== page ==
The Tesco juggernaut, seemingly unstoppable in the UK, has ground to a halt in Japan. Eight years after arriving in Tokyo with ambitious plans to become a big player in the world's third largest market, the retailing giant is pulling out.
Tesco was completely unknown in Japan when it opened for business in 2003 and although half of its 129 stories were reportedly profitable, it failed to imprint itself on this fragmented, hyper-crowded and competitive consumer market. Japan's notoriously conservative and fussy shoppers simply had too many other choices.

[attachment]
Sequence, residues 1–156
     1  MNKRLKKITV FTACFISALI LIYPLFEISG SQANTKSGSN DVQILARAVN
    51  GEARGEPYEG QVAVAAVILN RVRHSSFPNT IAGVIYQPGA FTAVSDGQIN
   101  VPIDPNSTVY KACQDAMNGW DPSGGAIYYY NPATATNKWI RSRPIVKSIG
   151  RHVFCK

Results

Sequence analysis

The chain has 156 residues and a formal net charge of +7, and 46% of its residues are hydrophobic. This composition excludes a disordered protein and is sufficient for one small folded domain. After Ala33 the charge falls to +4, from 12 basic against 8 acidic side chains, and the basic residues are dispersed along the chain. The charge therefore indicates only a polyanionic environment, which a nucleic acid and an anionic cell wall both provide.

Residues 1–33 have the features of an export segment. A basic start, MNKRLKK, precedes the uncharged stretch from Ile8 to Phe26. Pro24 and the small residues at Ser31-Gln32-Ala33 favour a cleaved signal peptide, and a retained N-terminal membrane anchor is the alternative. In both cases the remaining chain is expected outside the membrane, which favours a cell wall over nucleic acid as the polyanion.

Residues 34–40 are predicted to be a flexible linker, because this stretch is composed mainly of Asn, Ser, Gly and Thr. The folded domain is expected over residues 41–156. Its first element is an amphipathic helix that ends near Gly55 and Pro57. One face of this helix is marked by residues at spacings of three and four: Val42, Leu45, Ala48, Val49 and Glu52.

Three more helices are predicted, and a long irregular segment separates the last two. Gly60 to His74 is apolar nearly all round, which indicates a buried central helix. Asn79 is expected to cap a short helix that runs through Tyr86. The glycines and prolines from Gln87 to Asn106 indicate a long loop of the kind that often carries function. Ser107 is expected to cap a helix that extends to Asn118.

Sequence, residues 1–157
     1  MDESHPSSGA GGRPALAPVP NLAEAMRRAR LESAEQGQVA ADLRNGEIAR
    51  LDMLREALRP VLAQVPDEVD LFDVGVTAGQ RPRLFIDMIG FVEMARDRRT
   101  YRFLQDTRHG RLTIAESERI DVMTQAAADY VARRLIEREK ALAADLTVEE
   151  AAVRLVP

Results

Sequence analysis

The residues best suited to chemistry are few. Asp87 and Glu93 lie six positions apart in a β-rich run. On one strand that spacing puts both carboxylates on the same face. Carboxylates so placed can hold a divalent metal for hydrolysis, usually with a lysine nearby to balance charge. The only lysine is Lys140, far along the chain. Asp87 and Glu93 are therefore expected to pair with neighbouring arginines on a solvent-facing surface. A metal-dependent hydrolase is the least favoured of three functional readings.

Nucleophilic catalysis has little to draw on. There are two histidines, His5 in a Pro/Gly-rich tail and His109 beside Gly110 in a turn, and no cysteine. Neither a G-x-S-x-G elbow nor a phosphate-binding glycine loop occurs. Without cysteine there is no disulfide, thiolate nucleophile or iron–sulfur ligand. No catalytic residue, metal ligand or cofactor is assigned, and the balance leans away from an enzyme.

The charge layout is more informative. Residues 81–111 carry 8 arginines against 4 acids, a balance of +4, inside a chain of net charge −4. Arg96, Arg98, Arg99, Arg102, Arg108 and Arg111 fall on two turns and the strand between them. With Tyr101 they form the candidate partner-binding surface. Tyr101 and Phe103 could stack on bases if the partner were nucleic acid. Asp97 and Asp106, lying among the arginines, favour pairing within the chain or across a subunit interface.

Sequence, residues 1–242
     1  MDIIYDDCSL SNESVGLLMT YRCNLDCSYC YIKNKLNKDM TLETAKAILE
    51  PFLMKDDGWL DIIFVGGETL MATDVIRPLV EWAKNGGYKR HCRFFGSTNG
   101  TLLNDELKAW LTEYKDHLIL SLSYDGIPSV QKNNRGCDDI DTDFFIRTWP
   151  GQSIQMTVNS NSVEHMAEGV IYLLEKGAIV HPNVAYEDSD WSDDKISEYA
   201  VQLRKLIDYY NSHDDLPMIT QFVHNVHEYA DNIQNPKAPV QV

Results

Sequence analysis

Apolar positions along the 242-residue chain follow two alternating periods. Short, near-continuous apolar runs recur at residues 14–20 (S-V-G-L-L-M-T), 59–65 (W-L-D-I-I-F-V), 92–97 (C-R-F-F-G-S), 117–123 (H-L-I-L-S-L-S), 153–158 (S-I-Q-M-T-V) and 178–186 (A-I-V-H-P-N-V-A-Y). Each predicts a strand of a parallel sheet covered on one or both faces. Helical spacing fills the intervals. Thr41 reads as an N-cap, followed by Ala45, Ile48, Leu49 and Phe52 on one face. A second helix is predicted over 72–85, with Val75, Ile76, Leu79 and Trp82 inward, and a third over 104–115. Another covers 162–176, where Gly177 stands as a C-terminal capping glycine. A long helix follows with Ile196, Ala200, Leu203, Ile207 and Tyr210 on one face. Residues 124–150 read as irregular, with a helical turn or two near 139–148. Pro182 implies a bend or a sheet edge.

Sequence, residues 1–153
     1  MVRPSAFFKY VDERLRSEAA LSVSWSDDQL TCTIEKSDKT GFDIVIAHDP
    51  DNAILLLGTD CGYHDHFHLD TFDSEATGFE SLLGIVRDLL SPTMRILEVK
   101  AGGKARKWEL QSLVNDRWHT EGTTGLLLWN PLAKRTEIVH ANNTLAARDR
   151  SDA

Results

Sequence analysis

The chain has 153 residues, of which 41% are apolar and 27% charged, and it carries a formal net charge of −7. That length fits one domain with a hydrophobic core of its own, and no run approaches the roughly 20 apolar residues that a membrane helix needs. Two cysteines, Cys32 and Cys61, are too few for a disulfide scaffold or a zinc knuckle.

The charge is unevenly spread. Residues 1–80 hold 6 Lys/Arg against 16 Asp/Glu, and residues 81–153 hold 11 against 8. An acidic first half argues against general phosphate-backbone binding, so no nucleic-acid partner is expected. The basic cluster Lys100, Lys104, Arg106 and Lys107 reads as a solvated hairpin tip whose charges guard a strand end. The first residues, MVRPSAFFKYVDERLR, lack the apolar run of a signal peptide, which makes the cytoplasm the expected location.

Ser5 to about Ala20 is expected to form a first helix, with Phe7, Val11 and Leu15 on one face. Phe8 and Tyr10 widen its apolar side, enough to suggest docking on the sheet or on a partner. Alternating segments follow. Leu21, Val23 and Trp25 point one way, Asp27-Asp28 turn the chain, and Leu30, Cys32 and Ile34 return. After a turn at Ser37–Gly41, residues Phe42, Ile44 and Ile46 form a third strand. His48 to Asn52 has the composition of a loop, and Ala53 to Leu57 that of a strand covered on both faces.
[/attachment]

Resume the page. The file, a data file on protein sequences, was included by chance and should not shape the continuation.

The country has a huge network of 24-hour convenience stores – one every 50 metres in many Tokyo neighbourhoods – and a string of powerful, family-owned chains. An ageing, shrinking population, fragile consumer confidence and the impact of the tsunami added to their difficulties. Scaling those barriers would require an enormous investment of time and money.
Tesco shouldn't feel bad about baulking: foreign retailers that do well here in Tokyo tend to be niche upmarket names such as the luxury boutiques that crowd the Ometesando shopping area. The Japanese also failed to warm to Walmart and the French chain Carrefour. Tesco should lick its wounds and train its guns on another uphill battle: the US.